Last Updated: 26/05/2021
Covid lockdowns were disastrous for learner drivers as driving tests were not allowed to take place. In the UK, a long backlog has developed and many learners find themselves in a queue as instructors try to cope with the demand for lessons and test appointments.
Some learner drivers like medical student Zain Ahmad (featured in main image above) say they have been in touch with 50 instructors to book lessons without success. The 20 year-old found it impossible to find any instructor who he could sign up with because many had retired due to the pandemic or just did not have the space to book him in, even for just a few hours preparation for his test. He spent hours and hours on the phone trying to find an instructor who would take him on.
Eventually Zain did find an instructor but he too was unable to keep the lessons going because his income during lockdown was not sufficient.
Ella Richardson, another student, ended up having to spend £2000 more on lessons because of the long drawn out time taken, not to mention the extra £500 she had to pay to extend her driving insurance. Ella’s main worry is that she will still be learning next year when she is doing her A-levels.
The thought of having to concentrate on exams whilst preparing for her practical driving test fills her with dread. She said:”I don’t want to be concentrating on preparing for my practical driving test when I’ve got my exams to be revising for.”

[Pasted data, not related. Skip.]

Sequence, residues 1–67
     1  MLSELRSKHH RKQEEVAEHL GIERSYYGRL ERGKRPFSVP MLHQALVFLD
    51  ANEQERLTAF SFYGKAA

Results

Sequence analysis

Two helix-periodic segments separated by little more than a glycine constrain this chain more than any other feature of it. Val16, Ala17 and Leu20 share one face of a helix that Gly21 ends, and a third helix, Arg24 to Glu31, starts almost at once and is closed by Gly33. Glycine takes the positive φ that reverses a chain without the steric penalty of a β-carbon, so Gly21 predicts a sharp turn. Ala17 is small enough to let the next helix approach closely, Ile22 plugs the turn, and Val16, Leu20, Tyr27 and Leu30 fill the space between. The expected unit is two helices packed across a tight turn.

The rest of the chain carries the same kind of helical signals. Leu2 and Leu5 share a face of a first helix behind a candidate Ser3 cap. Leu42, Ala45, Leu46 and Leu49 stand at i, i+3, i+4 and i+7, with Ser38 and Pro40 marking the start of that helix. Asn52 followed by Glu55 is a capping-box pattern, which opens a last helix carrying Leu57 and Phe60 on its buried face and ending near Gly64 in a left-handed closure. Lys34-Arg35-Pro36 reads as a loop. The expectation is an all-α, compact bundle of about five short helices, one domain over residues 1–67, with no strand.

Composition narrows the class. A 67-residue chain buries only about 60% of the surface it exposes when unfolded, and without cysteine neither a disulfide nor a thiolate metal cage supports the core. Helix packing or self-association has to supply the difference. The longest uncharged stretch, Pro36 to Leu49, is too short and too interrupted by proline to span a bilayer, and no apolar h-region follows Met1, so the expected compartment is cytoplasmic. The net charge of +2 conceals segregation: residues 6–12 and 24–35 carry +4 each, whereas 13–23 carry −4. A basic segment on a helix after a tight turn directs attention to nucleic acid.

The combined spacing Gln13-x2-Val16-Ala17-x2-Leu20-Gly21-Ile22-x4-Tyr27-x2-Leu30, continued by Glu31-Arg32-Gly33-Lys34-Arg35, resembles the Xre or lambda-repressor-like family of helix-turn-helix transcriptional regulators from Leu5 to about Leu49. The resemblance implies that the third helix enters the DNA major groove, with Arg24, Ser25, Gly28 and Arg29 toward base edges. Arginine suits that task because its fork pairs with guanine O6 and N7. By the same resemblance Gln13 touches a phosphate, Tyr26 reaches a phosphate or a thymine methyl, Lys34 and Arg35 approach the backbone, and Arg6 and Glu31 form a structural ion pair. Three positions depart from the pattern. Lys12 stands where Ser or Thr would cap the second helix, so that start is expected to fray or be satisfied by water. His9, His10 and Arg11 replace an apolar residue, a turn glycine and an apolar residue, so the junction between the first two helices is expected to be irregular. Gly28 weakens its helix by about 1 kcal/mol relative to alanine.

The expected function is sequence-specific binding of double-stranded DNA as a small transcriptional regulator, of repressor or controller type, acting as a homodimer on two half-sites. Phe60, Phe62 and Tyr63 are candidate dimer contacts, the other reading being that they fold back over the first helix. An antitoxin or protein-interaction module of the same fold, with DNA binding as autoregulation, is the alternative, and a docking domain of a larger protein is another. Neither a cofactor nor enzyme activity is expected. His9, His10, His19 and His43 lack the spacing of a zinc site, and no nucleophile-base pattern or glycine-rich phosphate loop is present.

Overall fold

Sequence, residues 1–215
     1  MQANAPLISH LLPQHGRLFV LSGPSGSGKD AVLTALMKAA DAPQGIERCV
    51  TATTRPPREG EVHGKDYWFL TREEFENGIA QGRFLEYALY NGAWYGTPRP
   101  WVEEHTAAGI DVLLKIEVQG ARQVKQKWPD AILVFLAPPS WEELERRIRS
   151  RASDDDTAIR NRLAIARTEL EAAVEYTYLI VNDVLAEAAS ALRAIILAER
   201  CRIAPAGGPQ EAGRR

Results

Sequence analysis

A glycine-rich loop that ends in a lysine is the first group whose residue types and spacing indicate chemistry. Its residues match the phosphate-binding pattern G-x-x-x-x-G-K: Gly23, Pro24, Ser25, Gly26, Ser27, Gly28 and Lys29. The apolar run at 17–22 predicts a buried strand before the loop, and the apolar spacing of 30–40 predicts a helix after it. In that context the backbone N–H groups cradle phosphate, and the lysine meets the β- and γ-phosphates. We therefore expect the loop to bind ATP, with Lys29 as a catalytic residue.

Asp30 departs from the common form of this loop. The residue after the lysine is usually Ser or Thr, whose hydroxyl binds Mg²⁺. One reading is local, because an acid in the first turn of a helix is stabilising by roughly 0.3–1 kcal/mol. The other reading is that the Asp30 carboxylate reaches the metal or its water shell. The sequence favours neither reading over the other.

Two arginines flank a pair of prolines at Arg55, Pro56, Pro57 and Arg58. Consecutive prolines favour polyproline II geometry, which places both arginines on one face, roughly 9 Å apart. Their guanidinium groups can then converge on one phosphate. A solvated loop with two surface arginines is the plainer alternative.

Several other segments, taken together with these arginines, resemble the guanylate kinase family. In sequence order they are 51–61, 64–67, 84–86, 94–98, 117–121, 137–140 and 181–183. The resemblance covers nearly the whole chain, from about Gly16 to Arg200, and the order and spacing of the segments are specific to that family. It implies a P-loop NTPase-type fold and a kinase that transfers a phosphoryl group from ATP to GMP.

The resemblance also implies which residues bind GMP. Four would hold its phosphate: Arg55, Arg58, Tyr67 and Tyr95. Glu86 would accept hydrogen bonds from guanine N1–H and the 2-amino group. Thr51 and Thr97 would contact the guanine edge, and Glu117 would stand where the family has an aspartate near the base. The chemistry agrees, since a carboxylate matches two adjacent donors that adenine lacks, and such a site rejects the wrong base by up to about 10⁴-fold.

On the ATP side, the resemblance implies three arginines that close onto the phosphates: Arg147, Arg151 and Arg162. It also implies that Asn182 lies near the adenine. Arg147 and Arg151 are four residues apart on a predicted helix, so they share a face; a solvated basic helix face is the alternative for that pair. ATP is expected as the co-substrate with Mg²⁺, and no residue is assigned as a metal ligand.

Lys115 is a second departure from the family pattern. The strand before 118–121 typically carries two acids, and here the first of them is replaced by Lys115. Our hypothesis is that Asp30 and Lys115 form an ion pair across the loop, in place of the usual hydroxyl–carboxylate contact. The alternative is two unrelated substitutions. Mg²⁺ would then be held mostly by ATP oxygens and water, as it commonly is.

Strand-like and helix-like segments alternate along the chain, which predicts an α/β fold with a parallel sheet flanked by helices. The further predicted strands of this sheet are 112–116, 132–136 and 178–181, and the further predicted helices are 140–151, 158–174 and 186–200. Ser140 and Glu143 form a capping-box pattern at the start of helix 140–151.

One driving instructor Aaaron Ellmer, based in Milton Keynes expressed his dismay at the situation caused by Covid lockdowns. He said: “I’ve always been busy, but I’ve never experienced anything like this before. The hardest challenge for me really has been learning to say no to people”.
This unprecedented situation has caused great distress and anxiety for many instructors who are having to cope with very upset pupils who know that a test failure will mean a long wait until they can get another booking.
Lynne Barrie, chair of the Approved Driving Instructors National Joint Council, is concerned that some learners have booked a test before they have begun their driving lessons, placing added pressure onto themselves and their instructors.
Her main worry however is that some instructors are trying to book every student they can into their tight schedule which means the hours they are working have greatly increased. “From a safety point of view, that becomes quite unsafe and high risk”, she says.
Since 2013 the number of registered driving instructors in the UK has declined by 13% according to Marmalade, the young drivers insurance company. This shortage of instructors, combined with the demand for lessons could mean a massive hike in the cost of lessons in the next few months.
Aaron has thought about putting the price of his lessons up to try to recover some of his lost earnings since Covid lockdowns began, similar to the way many other industries have tried. He says he considered charging more “because I know a lot of places in general, in every industry, have taken their prices up to try and make some money back after the amount we’ve lost”
Increasing his hourly charge by £1 for new learners and keeping the prices the same for his existing students seems the best way forward for Aaron.”They’ve stuck with me through 10 months of no lessons and have come back to me, so the least I could do show them respect and give the same that they had before.”
Image Credits: BBC